In a chronicle published in North Nor-way’s leading paper Nordlys, Bjørn Fossli Johansen and Jan-Gunnar Winther of the Norwegian Polar Institute wrote: “With this year’s delimitation treaty between Norway and Russia, and based on mari-time law, our two countries have clarified the rights to the resources in the seabed of what was previously a disputed area in the Barents Sea and Arctic Ocean. [...] This uni-ty is the embodiment of Norwegian–Rus-sian cooperation in the High North. But it is also founded on a long history of coop-eration with our neighbour in the east. We believe that the recent progression towards environmental awareness and protective measures in Russia vouches for a continued close and fruitful partnership, not least in environmental management issues. The delimitation agreement should not be the stopping point, but rather the springboard for Norwegian–Russian coop-eration in the North.”

Moving forward –

the Fram Centre

In late September the Fram Centre, the High North Research Centre for Climate

and the Environment, was officially opened by a delegation led by Prime Minister Jens Stoltenberg (see the article on page 13). The Fram Centre includes the entities that made up the Polar Envi-ronmental Centre but also incorporates several other leading research institutes situated in Tromsø and elsewhere. By gathering a wide range of knowledge-in-tense organisations under a single banner and providing ample funding, the govern-ment hopes to facilitate the interdiscipli-nary approach required to meet modern research challenges. Although climate change is mentioned as a particular focus, the Fram Centre will also be extremely well placed to innovate, develop and test new techniques for environmental monitoring and protection. Perhaps some of these ini-tiatives will be taken in collaboration with our Russian neighbours.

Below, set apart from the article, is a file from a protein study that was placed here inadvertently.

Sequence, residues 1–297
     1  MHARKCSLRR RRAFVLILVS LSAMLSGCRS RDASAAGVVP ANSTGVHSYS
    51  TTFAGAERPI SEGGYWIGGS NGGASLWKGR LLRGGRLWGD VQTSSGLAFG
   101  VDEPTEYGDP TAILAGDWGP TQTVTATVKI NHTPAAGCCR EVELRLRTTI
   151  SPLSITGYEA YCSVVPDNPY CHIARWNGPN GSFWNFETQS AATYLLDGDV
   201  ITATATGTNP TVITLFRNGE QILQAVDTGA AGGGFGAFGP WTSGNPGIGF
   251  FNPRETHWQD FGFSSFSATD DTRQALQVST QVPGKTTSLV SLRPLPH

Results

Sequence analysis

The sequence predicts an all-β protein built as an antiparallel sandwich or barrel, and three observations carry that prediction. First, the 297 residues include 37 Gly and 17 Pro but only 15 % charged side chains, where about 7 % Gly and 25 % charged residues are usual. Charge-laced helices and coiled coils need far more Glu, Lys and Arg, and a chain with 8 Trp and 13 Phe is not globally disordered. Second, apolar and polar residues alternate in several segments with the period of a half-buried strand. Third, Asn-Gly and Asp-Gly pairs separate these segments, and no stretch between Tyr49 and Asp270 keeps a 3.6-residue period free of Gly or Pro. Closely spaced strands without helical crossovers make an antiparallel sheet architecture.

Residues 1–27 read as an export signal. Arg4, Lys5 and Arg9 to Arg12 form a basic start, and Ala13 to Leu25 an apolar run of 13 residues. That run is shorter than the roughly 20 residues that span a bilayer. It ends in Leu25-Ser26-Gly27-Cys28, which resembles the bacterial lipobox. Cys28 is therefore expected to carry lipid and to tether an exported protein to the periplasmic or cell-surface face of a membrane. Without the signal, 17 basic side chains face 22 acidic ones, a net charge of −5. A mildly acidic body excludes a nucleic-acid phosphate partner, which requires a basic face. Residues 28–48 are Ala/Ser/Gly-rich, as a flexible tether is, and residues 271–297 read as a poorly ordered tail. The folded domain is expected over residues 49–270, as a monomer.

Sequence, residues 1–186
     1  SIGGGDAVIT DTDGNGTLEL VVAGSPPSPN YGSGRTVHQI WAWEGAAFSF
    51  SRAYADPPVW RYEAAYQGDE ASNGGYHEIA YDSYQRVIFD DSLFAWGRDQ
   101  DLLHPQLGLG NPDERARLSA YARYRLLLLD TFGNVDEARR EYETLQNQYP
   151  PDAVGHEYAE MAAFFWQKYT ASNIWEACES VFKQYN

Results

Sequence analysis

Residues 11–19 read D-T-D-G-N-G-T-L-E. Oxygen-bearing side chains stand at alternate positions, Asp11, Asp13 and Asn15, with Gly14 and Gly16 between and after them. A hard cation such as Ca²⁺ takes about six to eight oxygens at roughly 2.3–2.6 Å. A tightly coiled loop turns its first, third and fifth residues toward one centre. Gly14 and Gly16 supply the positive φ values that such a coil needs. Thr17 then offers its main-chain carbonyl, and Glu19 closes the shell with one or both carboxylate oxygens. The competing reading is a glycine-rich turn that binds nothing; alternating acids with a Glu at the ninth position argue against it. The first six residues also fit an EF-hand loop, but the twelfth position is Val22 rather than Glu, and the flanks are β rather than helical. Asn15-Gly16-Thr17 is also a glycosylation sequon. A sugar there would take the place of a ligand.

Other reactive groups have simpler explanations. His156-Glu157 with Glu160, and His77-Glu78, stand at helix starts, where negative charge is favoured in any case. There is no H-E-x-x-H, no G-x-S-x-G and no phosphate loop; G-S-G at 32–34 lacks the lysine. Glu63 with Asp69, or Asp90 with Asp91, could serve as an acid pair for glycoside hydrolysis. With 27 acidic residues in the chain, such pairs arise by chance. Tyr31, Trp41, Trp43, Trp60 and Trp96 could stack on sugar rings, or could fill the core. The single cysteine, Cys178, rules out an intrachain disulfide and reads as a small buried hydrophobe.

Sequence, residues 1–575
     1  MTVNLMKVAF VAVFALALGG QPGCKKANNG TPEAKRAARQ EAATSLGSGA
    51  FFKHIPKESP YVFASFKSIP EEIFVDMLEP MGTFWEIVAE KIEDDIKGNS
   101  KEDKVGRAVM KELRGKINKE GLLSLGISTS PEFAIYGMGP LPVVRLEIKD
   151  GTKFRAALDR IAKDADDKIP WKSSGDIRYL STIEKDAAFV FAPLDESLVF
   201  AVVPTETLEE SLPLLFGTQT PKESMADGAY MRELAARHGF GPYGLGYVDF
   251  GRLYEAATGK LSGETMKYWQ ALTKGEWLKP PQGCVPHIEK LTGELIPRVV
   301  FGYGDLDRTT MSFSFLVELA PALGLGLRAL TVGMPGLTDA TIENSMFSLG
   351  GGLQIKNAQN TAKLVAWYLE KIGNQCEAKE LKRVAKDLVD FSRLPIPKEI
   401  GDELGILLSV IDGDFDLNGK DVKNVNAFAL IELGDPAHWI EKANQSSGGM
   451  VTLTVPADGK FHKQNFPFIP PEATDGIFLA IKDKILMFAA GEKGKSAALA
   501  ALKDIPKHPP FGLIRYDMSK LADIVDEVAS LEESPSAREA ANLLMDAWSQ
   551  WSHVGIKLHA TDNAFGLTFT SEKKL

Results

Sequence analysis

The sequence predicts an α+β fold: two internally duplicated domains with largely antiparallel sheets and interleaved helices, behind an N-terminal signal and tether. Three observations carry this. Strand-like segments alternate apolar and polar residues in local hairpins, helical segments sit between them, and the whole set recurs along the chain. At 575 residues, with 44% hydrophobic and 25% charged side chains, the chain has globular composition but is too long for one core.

Last issue

Polar Research in Tromsø was originally produced jointly by several independent research organisations. Some of them no longer exist and the rest are all linked di-rectly or indidi-rectly to the Fram Centre. As a consequence these changes, this will be the last issue of Polar Research in Tromsø. From next year onwards, you will find an account of the year’s most exciting re-search results – and more – in a new pub-lication called Frammagasinet. We hope to meet you there!

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Arctic skua flying over the breeding territory in Kongsfjorden in Svalbard. Photo: E. Biersma

The main flyways and wintering areas of Arctic skuas breeding in Svalbard. Illustration: B. Moe

Tracking the migration of Arctic skuas

Børge Moe borge.moe@nina.no Sveinn Are Hanssen sveinn.a.hanssen@nina.no

Norwegian Institute for Nature Research Fram Centre, Tromsø

Migration enables animals to choose the optimal habitat for different parts of the year. In the summer, many ani-mals are attracted to Arctic and tem-perate areas, which offer favourable environmental conditions that help ensure successful reproduction. How-ever, winters at these latitudes can be challenging and many animals migrate long distances to seek better conditions elsewhere. This is especial-ly true of birds because of their ability to fly. Birds undertake the longest an-nual migrations known on earth.